Los Angeles agency Omelet has created the branding and campaign elements for Wallis Annenberg PetSpace, a new state-of-the-art pet adoption center and community space that opened its doors in Playa Vista, California over the weekend.
The Wallis Annenberg PetSpace is an interactive, high-tech adoption center where visitors can interact with pets and speak with on-site adoption specialists. The adoption “suites” that house the cats, dogs and rabbits feature interactive digital displays where visitors can get answers to questions about each animal and learn more about what’s needed to care for them.
Aside from the adoption center, PetSpace also provides behind-the-scenes tours of the space and offers public lectures, workshops and events for animal lovers. PetSpace has also created a Learning Institute to “encourage and facilitate interdisciplinary scholarship, high-level policy discourse, and public education on the relationship between human beings and their domestic animals,” an endeavor that will bring together experts from an array of fields including veterinary medicine, sociology, cognitive science and history.
To show off the many facets of PetSpace, Omelet was tasked with creating a 360-degree campaign to introduce the new center to residents of Los Angeles. Aside from creating PetSpace’s brand identity, the agency also worked on the center’s website and social media development, content strategy, and a campaign with digital, out-of-home and radio components.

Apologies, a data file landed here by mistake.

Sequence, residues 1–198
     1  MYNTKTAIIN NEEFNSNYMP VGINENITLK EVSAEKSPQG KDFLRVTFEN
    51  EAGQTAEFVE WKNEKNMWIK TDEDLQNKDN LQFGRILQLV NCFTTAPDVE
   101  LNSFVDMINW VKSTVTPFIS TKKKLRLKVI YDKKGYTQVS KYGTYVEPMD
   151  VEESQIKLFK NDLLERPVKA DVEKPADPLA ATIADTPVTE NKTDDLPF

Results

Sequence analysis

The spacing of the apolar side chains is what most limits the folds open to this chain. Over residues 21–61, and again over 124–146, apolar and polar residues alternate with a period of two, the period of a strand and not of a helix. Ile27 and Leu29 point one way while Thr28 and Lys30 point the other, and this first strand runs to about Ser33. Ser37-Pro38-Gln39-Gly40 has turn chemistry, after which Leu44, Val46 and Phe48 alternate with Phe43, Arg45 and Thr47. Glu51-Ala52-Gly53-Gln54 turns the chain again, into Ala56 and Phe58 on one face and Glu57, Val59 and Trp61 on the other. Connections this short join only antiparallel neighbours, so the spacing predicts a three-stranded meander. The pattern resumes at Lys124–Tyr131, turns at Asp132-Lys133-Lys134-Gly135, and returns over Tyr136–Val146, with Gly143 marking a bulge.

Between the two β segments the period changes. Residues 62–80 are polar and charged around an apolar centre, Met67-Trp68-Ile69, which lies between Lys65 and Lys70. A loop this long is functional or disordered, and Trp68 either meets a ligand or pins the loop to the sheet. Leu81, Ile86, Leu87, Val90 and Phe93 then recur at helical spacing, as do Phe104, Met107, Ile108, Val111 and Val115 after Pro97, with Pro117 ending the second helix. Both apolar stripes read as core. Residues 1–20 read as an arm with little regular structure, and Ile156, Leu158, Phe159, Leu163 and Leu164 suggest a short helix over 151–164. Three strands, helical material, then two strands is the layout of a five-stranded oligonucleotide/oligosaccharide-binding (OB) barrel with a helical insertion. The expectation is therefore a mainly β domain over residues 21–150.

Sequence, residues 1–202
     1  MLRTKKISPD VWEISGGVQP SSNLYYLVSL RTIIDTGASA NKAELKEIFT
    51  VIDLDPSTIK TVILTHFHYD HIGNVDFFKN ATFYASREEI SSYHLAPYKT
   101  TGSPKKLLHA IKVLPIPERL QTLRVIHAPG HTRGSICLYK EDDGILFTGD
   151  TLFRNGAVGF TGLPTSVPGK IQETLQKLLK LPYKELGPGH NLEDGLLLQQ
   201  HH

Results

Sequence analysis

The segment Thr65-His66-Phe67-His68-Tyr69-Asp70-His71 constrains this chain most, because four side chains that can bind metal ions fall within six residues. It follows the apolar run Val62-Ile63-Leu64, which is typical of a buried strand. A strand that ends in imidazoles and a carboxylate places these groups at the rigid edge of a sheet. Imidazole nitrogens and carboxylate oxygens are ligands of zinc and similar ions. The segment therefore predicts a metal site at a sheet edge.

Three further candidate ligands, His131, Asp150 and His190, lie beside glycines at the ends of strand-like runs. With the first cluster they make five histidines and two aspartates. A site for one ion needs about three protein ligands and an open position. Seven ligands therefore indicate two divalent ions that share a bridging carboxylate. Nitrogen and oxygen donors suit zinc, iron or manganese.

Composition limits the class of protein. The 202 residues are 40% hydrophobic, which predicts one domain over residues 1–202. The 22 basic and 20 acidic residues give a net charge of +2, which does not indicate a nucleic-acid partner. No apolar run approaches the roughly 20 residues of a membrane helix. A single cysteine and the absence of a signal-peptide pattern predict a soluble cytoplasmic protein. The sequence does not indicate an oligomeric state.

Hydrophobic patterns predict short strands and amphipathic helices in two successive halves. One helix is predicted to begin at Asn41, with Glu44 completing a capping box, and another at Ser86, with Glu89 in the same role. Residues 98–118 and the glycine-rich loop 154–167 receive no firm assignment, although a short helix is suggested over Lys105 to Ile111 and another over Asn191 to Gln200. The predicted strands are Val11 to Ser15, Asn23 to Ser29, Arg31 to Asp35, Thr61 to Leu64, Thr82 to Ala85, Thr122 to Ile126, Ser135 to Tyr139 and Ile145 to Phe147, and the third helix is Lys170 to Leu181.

“There’s nothing really like this in LA, and so the challenge was in helping people learn what this is all about. It was really great to be able to build that from the ground up and create that voice for them in the community,” said Kate Eglen, art director at Omelet.
Blakeley Jones, copywriter at Omelet, said that the agency wanted to make it clear to potential visitors that PetSpace is much more than a run-of-the-mill adoption center.
“In crafting our messaging to introduce this new community space to the people of Los Angeles, it was really important for us to dream beyond just pet adoption," she said. "There’s way more that you can do at PetSpace than just adopt a dog or cat. It’s also a place where you can play, learn, and grow. So [in] bringing this never-before-seen community space to the city, it was on us to create a clear and concise creative campaign that really felt authentic and embodied the mission of PetSpace and everything that it stands for.”
To bring the ethos behind PetSpace to life, Omelet worked with director Duncan Wolfe to shoot a five-part documentary series about the strong bonds that people have with their pets. One tells the story of a young wounded Marine veteran named Kionte who found hope and inspiration through his dog Koja after suffering from anxiety and PTSD.
Another features a teenage boy with special needs who finds comfort and solace in his therapy dog.
“People were very willing to share their bonds with their pets, and we found some amazing stories in doing that,” said Jones. “There’s a whole range of stories there, from every emotion; you’ve got the heartfelt, you’ve got the child who has a bond with his therapy dog, you have a woman who started a pet oxygen mask company to help save pets that are in home fires. There was a lot willing to be told and a lot that people were excited to say to us about their pets.”